Live With Art. It's Good For You. You can email me

Salty by Michelle Vaughan. Celebrate National Oyster Day with her letterpress editions!

These prints use text to describe the action of eating. This series was handset from woodblock type on a vintage Vandercook letterpress at The Arm in Williamsburg, Brooklyn, a haven for this rapidly disappearing craft. The custom Verona pink-colored ink represents the interior of oyster shells. The Hamilton Gothic (also known as Franklin Gothic) type, from the 1920s, was originally owned by the Baltimore Police Department. It is a clean, honest face for everyday use. Oysters were once the everyman’s food, eaten by rich and poor alike—Gothic symbolizes this spirit.

Slurp and Salty by Michelle Vaughan
An oyster lover, artist Michelle Vaughan uses text to capture the action of eating the popular shellfish. And the delicate pink coloring? Vaughan chose this shade for its resemblance to the interiors of oyster shells. Even the Hamilton Gothic typeface, originally owned by the Baltimore Police Department, is meant to evoke Vaughan’s favorite food. “It is a clean, honest face for everyday use,” says the artist. “Oysters were once the everyman’s food, eaten by rich and poor alike—Gothic symbolizes this spirit.”
Prints of these editions begin at $60. 
Slurp and Salty by Michelle Vaughan
An oyster lover, artist Michelle Vaughan uses text to capture the action of eating the popular shellfish. And the delicate pink coloring? Vaughan chose this shade for its resemblance to the interiors of oyster shells. Even the Hamilton Gothic typeface, originally owned by the Baltimore Police Department, is meant to evoke Vaughan’s favorite food. “It is a clean, honest face for everyday use,” says the artist. “Oysters were once the everyman’s food, eaten by rich and poor alike—Gothic symbolizes this spirit.”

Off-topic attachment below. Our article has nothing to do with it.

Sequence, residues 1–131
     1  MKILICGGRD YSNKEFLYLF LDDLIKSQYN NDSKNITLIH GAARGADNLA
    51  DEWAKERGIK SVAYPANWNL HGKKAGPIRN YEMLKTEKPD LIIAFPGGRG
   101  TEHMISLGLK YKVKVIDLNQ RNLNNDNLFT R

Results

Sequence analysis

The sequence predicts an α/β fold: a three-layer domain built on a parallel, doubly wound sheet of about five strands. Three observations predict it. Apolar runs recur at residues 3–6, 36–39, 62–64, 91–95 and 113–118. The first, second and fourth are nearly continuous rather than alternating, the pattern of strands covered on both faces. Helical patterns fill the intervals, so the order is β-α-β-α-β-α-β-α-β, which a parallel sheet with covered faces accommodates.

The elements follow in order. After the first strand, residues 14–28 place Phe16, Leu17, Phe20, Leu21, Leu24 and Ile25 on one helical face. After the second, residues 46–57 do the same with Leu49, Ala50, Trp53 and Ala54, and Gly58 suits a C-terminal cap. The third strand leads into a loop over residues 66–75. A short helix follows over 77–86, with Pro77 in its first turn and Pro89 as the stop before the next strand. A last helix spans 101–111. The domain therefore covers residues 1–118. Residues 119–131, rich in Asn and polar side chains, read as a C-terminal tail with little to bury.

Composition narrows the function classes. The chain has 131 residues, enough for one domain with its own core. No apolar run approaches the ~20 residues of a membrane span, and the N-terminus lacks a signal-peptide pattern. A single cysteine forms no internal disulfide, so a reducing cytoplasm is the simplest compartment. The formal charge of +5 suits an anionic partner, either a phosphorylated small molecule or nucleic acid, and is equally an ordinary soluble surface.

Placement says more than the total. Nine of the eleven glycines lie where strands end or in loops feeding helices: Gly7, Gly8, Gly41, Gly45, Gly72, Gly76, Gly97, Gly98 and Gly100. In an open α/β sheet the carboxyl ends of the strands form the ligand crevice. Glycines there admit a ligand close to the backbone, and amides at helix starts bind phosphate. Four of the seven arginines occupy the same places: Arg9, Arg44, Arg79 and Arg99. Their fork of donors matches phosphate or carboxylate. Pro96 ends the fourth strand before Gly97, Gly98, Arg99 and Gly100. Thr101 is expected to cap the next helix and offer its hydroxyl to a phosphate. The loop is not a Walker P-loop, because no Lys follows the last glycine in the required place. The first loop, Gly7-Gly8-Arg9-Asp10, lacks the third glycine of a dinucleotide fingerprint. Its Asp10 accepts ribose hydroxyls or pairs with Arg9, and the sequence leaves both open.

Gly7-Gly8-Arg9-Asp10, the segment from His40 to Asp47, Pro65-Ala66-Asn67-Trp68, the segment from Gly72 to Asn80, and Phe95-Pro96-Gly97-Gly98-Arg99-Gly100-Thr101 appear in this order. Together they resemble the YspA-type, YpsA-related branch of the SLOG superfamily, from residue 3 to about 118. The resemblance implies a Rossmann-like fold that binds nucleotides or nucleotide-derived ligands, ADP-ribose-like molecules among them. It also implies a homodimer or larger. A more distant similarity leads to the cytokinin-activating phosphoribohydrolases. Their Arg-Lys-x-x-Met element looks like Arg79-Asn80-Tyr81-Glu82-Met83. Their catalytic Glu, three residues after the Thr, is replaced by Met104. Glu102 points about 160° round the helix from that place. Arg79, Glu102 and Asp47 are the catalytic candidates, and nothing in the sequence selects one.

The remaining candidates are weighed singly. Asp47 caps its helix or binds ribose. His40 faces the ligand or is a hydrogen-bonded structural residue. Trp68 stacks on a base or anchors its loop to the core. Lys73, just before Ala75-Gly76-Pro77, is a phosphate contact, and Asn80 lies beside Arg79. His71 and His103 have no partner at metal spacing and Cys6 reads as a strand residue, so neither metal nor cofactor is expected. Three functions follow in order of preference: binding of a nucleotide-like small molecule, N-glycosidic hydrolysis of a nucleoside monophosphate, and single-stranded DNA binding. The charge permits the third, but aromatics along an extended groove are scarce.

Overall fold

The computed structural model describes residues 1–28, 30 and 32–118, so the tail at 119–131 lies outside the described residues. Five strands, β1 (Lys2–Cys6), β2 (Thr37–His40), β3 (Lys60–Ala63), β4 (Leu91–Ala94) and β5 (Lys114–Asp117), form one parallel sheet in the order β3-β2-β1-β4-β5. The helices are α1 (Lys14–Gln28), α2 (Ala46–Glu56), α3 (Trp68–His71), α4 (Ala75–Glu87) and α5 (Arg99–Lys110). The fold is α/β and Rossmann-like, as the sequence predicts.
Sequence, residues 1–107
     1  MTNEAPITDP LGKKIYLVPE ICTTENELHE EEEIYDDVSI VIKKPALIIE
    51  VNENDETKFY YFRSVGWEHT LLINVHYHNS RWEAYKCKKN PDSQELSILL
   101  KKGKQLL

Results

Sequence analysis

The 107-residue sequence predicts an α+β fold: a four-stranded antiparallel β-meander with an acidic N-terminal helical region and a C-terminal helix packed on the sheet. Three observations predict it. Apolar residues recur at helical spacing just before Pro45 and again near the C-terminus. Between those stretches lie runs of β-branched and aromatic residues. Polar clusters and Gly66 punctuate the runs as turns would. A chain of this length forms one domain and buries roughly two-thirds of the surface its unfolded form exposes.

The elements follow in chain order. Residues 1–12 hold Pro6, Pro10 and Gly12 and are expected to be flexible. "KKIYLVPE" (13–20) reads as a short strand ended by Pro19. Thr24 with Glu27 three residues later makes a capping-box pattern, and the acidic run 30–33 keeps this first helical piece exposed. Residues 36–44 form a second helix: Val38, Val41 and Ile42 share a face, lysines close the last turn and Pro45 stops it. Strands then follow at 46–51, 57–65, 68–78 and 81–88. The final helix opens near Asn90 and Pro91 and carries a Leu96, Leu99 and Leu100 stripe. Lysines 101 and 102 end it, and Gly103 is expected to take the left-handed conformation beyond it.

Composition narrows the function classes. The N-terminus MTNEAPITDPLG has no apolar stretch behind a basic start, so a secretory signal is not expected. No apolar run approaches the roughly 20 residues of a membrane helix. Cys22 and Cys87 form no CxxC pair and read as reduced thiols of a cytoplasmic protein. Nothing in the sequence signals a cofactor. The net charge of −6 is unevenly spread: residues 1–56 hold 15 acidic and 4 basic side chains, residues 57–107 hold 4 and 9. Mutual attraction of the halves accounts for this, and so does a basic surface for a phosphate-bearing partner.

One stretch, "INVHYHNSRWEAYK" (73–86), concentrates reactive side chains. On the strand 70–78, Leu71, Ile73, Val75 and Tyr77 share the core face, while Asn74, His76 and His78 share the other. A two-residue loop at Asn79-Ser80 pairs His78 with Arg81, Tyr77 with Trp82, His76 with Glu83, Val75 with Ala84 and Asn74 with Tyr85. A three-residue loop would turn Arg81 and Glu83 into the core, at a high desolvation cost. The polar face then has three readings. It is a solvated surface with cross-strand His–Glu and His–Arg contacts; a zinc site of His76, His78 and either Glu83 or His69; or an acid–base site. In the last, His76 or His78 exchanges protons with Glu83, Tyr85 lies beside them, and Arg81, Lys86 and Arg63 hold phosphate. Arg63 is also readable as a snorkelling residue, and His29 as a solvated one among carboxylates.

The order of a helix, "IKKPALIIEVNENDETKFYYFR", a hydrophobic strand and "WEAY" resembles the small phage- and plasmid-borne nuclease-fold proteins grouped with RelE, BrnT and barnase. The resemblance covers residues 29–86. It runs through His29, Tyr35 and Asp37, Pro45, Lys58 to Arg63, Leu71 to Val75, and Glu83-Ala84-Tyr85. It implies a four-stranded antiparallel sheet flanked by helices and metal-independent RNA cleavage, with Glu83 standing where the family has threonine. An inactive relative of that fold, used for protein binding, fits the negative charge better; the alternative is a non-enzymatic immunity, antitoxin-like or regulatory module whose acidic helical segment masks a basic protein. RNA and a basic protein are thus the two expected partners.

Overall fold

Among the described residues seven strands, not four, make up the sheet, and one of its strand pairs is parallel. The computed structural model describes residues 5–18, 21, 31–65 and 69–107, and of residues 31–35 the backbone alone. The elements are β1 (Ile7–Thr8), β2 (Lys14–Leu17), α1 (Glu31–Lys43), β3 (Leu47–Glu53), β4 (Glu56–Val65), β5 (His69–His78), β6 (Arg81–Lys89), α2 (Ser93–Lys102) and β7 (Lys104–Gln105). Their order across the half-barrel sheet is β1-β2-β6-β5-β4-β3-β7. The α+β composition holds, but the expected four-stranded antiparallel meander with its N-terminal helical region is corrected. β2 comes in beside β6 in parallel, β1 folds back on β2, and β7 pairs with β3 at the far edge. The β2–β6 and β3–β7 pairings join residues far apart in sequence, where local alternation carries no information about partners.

Prints of these editions begin at $60. 

Slurp and Salty by Michelle Vaughan

An oyster lover, artist Michelle Vaughan uses text to capture the action of eating the popular shellfish. And the delicate pink coloring? Vaughan chose this shade for its resemblance to the interiors of oyster shells. Even the Hamilton Gothic typeface, originally owned by the Baltimore Police Department, is meant to evoke Vaughan’s favorite food. “It is a clean, honest face for everyday use,” says the artist. “Oysters were once the everyman’s food, eaten by rich and poor alike—Gothic symbolizes this spirit.”

Prints of these editions begin at $60.